The last two weeks have been very busy in the sorting lab. With the lab reorganized, we’re now ramping up sorting to get as many samples processed as possible before the next cruise in May. Space is at a premium, so all of the finished samples are being transferred into much smaller bottles for long term storage and the specimen vials are being organized into individual boxes by core. Everything is being condensed as much as possible to make space for the next set of cores.
To give you an idea of how much material one cruise represents for our lab, let me take you through a walkthrough of the 2012 cruise. The cruise had 2 legs, and lasted about 3 weeks. During that time 12 stations were fully sampled. Each station is sampled 3 times, and each sampling yields 4 cores. Let’s do some quick napkin math to get a rough tally of how much material that is:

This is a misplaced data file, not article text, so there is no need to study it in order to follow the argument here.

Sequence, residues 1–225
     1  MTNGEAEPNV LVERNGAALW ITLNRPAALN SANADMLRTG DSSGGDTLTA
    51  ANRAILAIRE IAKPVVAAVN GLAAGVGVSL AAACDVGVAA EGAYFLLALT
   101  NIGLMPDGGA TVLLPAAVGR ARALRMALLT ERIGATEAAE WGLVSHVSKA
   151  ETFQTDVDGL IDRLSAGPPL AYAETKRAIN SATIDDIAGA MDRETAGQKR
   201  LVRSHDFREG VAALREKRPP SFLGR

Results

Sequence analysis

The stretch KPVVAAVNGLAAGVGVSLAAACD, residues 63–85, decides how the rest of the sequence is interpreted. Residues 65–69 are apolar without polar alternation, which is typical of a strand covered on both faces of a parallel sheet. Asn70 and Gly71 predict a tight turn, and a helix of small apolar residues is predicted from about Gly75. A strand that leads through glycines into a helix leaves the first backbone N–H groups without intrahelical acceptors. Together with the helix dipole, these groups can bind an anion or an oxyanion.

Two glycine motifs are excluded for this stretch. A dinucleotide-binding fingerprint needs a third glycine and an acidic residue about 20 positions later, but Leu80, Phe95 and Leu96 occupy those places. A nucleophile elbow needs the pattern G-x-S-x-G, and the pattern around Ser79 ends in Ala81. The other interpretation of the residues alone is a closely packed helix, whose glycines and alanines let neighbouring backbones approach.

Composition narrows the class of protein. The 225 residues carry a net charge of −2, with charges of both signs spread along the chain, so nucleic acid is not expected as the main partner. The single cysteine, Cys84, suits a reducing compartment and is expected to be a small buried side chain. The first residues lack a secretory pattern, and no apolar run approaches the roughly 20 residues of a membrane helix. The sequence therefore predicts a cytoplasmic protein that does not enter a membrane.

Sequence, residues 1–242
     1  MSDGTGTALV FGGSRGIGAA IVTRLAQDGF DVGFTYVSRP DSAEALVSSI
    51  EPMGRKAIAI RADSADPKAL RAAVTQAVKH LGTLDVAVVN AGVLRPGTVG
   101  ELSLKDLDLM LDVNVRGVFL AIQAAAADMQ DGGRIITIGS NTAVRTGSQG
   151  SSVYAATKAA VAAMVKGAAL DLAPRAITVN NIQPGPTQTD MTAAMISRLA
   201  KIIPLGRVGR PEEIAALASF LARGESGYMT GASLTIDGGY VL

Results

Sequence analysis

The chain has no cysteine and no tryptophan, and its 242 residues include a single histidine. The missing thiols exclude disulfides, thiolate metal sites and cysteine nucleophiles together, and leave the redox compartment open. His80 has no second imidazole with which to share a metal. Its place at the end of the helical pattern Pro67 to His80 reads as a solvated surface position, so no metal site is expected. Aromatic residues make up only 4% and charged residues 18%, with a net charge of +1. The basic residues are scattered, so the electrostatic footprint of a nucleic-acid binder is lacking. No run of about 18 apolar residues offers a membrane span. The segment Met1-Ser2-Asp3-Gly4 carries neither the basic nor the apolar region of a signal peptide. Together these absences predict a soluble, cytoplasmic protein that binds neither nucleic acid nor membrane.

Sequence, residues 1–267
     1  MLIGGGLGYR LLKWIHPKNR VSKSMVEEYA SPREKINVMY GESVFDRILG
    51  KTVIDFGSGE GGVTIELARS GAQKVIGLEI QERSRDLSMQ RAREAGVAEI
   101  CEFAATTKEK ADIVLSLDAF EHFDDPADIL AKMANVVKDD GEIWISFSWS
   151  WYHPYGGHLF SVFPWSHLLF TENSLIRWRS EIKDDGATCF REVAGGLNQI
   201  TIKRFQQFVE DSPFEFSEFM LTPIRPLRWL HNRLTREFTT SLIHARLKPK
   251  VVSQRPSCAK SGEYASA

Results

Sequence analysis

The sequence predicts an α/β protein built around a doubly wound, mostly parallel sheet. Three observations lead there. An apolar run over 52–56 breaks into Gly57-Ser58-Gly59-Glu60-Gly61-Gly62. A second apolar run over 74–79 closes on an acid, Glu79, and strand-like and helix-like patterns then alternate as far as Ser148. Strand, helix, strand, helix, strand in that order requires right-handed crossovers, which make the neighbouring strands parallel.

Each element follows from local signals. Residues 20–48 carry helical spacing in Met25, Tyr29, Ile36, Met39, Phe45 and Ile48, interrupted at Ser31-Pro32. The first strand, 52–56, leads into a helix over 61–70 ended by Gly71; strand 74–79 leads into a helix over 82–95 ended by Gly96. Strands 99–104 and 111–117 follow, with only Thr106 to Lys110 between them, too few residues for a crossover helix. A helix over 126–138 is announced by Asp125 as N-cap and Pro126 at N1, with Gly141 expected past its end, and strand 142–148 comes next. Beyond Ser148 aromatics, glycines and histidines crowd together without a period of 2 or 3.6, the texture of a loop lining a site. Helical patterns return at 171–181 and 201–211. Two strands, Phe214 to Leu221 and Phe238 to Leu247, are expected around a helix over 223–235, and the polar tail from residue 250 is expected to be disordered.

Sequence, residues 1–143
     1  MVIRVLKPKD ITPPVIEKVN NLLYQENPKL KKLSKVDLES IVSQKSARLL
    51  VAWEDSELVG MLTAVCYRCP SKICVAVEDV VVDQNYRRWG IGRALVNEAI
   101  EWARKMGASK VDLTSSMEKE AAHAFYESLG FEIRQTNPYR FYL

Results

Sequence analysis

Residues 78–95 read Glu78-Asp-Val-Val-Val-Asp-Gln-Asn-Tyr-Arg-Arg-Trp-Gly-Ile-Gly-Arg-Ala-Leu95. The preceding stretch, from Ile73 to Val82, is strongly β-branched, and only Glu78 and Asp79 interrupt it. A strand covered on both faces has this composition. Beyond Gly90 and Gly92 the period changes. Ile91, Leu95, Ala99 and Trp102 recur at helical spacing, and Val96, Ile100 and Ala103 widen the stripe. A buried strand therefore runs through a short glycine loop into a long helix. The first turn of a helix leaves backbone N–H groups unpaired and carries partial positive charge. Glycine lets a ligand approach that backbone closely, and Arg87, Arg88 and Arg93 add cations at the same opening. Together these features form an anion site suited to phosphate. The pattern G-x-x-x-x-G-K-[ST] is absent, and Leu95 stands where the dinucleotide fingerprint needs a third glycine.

12 stations X 3 samplings X 4 cores per sample =144 cores
Once we have those cores, they’re broken down by depth, with the 0-1 cm section being placed in a 1L bottle and the 1-5 cm and 5-10 cm sections being placed into 1.5L bottles. Let’s tally that up quick to get a total sample amount:
144 0-1 sections X 1L = 144 L
(144 1-5 sections + 144 5-10 sections) X 1.5L = 432 L
This gives us a final tally of 432 bottles containing 576 L of seawater and sediment. Now you know why we’re scrambling trying to make room before the next cruise!
Ben LaBelle, Florida State University